7 WAYS PORN FUELS TRAFFICKING

Harmony (Dust) Grillo Blog, Featured, Straight from Harmony's Heart, The Truth About the Sex Industry Leave a Comment

WARNING!!!!
Content may be triggering to some readers

I recognize that many people are affected by porn.  Those who find themselves caught in the throes of addiction, the spouses of those struggling, parents who have discovered their children have been exposed and the people involved in the porn industry, to name a few.

This issue is actually very personal to me.  I was exposed to porn at three years old, an experience that had deep and lasting impact.  I have personally known the draw to watch porn.  As a broken 19-year-old, I found myself trapped in the commercial sex industry, where in a way, I became porn, emulating everything I learned about sexuality through porn.  I have also known the pain of being in a relationship with someone who was addicted to it and all of the insecurity, hurt and feelings of betrayal that can cause.  And for the past 15 years, through the work of Treasures, I have walked alongside women as they pursue healing and freedom after working in the porn industry.

I have learned that shame fuels addiction.  My heart in writing this blog is NOT to shame anyone, but to shed light on an issue that is affecting so many.  Some people still think that porn is victimless.  Others even go so far as to argue that it is empowering to women.  I want people to know the truth.  I want people to be moved, not to shame, but to compassion and to action.

I realize that some of this information might be shocking.  My intention is not to shock, but to awaken.  We can’t fix what we do not face.

>>>

In 2006, it was estimated that, at $13.3 BILLION, the commercial sex industry in the U.S. brings in more revenue than the NFL, NBA and MLB combined.[1]

The truth is, there has been a 50% decrease in revenue produced since then.[2] Not because people are watching porn less, but due to access to free content.  In fact, it is estimated that 70-80% of porn sites are free.[3]

Unfortunately, porn consumption is reaching staggering heights. Porn sites receive more regular traffic than Netflix, Amazon, & Twitter combined![4]

 

Despite the prevailing belief that porn is victimless, porn fuels trafficking, and in many cases, porn IS trafficking.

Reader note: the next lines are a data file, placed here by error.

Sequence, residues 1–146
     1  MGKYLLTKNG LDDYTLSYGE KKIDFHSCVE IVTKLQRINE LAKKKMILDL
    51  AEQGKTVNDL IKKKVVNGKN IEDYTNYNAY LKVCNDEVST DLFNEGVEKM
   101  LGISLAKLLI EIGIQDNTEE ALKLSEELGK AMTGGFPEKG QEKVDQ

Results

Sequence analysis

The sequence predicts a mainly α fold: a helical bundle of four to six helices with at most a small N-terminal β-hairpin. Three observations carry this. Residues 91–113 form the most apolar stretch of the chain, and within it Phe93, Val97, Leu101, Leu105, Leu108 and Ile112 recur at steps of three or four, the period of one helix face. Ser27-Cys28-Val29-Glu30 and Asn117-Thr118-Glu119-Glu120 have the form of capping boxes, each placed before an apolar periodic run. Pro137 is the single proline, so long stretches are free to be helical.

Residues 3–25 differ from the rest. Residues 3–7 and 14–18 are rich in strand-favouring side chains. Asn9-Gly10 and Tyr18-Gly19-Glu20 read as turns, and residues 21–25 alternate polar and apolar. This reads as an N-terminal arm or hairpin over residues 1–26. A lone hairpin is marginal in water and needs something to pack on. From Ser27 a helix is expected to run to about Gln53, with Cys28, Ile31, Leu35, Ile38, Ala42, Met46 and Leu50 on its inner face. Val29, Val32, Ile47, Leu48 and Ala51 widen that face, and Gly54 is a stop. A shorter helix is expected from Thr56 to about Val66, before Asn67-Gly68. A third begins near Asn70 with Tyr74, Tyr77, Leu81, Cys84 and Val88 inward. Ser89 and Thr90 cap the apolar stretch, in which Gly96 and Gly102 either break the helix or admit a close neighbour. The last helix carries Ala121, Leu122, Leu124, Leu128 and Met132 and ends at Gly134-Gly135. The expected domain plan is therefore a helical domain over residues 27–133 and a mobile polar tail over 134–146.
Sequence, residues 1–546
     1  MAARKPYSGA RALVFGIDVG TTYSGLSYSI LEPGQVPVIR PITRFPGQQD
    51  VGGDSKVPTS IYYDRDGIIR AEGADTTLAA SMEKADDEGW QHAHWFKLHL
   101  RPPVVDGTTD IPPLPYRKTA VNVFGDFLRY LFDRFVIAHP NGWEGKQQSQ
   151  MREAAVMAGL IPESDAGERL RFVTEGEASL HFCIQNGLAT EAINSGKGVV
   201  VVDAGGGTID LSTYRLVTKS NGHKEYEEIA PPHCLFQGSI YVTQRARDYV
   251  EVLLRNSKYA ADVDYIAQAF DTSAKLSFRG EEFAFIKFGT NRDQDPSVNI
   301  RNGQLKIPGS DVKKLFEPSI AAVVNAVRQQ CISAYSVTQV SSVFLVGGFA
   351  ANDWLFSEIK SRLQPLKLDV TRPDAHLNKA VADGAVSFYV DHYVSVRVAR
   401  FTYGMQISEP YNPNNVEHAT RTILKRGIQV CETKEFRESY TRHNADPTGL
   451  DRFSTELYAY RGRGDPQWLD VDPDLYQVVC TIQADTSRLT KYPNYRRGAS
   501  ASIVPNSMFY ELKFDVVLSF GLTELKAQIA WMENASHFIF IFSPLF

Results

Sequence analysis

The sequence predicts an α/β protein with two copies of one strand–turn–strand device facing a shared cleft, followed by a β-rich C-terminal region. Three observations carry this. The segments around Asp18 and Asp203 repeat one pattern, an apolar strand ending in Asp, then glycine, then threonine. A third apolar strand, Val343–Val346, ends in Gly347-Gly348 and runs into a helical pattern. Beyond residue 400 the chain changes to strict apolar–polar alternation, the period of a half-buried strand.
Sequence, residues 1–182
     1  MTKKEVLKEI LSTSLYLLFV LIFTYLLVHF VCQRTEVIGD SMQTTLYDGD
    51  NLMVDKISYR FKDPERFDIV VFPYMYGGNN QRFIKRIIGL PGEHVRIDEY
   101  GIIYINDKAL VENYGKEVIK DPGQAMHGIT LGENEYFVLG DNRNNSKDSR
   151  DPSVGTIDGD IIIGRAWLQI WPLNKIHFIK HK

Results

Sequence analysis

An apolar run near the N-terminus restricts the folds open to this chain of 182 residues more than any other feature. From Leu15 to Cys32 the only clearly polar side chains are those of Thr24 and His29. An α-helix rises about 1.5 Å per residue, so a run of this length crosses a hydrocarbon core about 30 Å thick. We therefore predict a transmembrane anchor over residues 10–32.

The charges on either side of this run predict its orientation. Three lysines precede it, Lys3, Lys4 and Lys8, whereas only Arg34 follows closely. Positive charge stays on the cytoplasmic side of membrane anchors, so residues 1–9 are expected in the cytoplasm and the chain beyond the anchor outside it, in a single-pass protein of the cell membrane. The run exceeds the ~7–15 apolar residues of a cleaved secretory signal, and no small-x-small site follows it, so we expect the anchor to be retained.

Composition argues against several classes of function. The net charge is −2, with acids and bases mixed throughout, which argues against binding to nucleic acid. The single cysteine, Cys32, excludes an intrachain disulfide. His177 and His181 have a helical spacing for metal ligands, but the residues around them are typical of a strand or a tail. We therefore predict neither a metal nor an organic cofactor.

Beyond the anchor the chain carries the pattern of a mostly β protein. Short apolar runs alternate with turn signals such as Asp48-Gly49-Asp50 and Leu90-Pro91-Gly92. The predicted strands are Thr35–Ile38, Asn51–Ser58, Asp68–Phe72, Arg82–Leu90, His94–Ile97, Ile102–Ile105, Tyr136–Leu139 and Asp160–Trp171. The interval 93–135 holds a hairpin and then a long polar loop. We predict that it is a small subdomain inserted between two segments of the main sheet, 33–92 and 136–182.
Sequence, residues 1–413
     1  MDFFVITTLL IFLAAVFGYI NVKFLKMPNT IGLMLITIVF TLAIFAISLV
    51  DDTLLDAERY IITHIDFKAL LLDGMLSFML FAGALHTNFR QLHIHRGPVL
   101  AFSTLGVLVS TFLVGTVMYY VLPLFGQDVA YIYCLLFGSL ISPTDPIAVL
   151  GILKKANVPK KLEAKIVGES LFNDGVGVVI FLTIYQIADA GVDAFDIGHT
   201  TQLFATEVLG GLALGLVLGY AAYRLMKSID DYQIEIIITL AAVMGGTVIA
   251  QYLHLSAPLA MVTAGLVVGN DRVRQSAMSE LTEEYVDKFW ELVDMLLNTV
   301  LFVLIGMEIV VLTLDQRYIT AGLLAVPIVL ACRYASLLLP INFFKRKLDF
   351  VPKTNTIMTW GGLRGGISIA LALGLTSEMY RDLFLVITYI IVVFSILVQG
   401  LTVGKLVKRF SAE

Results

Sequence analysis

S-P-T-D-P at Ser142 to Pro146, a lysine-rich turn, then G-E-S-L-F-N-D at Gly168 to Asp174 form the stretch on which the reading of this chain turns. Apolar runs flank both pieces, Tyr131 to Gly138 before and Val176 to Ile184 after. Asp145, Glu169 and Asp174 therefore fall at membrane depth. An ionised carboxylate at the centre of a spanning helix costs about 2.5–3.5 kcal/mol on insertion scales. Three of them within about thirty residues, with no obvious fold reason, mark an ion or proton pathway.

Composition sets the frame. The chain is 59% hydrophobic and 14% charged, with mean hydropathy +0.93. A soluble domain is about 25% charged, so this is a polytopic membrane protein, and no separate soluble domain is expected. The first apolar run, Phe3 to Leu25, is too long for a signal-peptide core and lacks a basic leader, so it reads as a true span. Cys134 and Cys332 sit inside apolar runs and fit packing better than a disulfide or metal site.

Here are 7 ways porn fuels trafficking…

1. PORN = GATEWAY TO PURCHASING PEOPLE FOR SEX

Porn addiction is progressive in nature.  Dr. Victor B. Cline, a psychologist that treats people who suffer from porn addiction details the process of porn addiction in the following way:

  • Addiction-Effect: “The porn-consumers got hooked. Once involved in pornographic materials, they kept coming back for more and still more.”
  • Escalation-Effect:“With the passage of time, the addicted person required rougher, more explicit, more deviant, and “kinky” kinds of sexual material to get their “highs” and “sexual turn-ons.” It was reminiscent of individuals afflicted with drug addictions”
  • Desensitization: “Material … which was originally perceived as shocking, taboo breaking, illegal, repulsive, or immoral, in time came to be seen as acceptable and commonplace”
  • Increasing tendency to act out:  In this phase people are more likely to sexually act out the behaviors viewed in the pornography, including hiring women in prostitution.

And in case you still believe the myth of the “happy hooker”, it is important to note that 84% of women in prostitution are under third-party control or pimped or trafficked.[5]

In other words, it is very likely that the person whose porn addiction drives them to purchase a woman for sex is engaging in this transaction with a victim of commercial sexual exploitation/trafficking.

To reinforce Dr. Cline’s findings, 80% of survivors report that their customers showed them porn to illustrate the kinds of sexual acts they wanted.[6]

Some people argue that porn is a healthier/safer alternative for people who otherwise might be tempted to engage in sexually deviant behaviors. They say that it is an outlet for aberrant sexual desires. If this were true, consumers of pornography should be the least likely to hire women in prostitution. Unfortunately, research shows that the opposite is true.  Watching porn increases the likelihood that the consumer will hire a prostituted person.[7]

 2. FILMED WITHOUT CONSENT OR KNOWLEDGE

49% of women who have worked in prostitution report being filmed by their traffickers or johns.[8]This is just the percentage of women who knewthey were being filmed.

This footage is often streamed and or later distributed.  A person viewing this type of pornography would have no way of knowing whether or not the person on the other end of the camera is a willing participant. In many cases, she is not.

In other scenarios, women and girls are drugged, raped and filmed.  Again, the footage is streamed or distributed. Tragically, this is one of the tactics pimps are known to use to traffic their victims.

There is a noteworthy case in Miami where two men, one of them a former police officer, were convicted of trafficking using this very strategy to victimize aspiring models. Under the false promise of opportunities to book work, victims were lured in for a phony audition where they were required to consume and promote beverages on camera. Their drinks were laced with benzodiazepines.  Once the drugs took effect, the women were raped and filmed, and the footage was sold all over the Internet and in porn stores across the U.S.[9]